President of the Building & Engineering Services Association has added a note of caution to the buoyant mood among contractors captured in the association’s latest state of trade survey.
The members of the B&ES are enjoying rising order, enquiry and turnover levels, according to the association’s latest state of trade survey.
Responses to the survey, which covered the period from January to June, revealed a positive “net optimism measure” of 45 per cent, up from 39 per cent six months ago, confirming that B&ES members in all regions – and of every size and specialism – are feeling positive about their future business prospects.
Growth in order levels was experienced by 53 per cent of respondents – compared with 47 per cent in the second half of 2014, while 41 per cent enjoyed an increase in enquiries and 40 per cent an increase in turnover.
An improvement in tender prices was also detectable.
For the first time since the six-monthly B&ES survey was introduced in 2012, more members reported a rise than had experienced a decline.
Labour and material costs were both seen to increase – while 36 per cent of firms claimed to be employing more direct labour than six months ago, and 40 per cent expected workforce levels to increase further during the remainder of 2015.
There was also a rise in the number of members taking on apprentices and making use of agency personnel.
However, a range of concerns continue to temper members’ optimism. These include skills shortages, zero and ultra-low margins, over-long tender lists and the prevalence of late payment.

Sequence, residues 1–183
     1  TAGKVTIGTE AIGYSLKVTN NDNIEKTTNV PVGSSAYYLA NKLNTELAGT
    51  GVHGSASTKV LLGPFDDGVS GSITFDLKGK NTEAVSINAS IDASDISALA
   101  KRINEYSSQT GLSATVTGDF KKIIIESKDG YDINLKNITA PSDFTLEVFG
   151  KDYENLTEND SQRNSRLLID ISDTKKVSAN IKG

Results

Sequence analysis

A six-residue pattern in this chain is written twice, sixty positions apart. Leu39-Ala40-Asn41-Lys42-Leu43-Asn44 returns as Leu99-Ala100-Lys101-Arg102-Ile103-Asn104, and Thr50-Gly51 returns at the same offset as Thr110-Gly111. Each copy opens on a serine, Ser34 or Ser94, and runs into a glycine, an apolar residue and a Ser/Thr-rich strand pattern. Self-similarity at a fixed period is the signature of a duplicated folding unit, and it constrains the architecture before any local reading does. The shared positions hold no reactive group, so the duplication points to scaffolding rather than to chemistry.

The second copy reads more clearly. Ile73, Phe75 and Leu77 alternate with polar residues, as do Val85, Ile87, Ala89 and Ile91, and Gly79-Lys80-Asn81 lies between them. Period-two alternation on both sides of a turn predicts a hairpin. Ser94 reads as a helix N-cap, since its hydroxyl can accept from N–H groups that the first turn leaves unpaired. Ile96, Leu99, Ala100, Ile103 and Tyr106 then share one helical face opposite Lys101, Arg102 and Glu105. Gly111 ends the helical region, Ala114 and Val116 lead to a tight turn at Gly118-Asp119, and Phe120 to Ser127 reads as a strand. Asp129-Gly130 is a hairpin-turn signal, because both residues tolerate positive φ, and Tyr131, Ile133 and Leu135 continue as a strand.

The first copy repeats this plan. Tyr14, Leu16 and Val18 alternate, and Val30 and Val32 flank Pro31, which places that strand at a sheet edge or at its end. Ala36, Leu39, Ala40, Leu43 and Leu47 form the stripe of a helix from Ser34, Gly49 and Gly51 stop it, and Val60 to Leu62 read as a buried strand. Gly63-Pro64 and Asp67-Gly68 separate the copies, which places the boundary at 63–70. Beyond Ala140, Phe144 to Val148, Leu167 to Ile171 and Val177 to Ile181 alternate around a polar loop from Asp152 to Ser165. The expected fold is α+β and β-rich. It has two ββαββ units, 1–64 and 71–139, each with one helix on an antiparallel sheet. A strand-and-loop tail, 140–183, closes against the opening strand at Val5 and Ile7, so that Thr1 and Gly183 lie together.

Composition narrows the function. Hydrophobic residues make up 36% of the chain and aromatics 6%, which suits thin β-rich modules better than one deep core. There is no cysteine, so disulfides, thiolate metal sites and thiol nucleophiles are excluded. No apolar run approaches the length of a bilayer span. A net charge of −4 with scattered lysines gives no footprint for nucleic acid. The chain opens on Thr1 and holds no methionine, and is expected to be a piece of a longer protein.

B&ES chief executive Paul McLaughlin says the findings confirm the anecdotal evidence already garnered from members that the construction industry and the building engineering services sector continues to enjoy a sustained, if still sometimes tentative, recovery.
“I am also pleased that firms are responding to the challenge posed by skills and labour shortages by stepping up their training activity so as to take full advantage of the commercial opportunities that are available to them,” Mr McLaughlin says.
“The optimism which is clearly spreading throughout the membership augurs well for our sector as a whole”.
B&ES president Jim Marner congratulated his fellow contractors for stepping up training and recruitment activities, including taking on more apprentices, which he believes will be crucial if the building services sector is to take full advantage of the growing market and improving economic picture.
Further and faster
However, efforts to address skills shortages and improve productivity must go further and faster in the coming months, Mr Marner believes. He also warned against the dangers of what he called “soaring and unsustainable labour costs” that threaten profit levels and provide a reality check to the overall mood of optimism.
Mr Marner strongly urged employers to resist the temptation to “take the easy option” of cherrypicking the best staff from competitors in order to resource projects.
“It is clear that companies are casting around desperately looking for skilled staff and it is not uncommon for whole project management teams to be head-hunted from one contractor to another, but that doesn’t solve the underlying problem,” says Mr Marner.
“It is great that our most skilled people are getting the recognition and financial rewards they deserve, but we need to focus heavily on increasing the numbers of skilled people available and also on equipping our workforce with the new skills required by the modern construction market.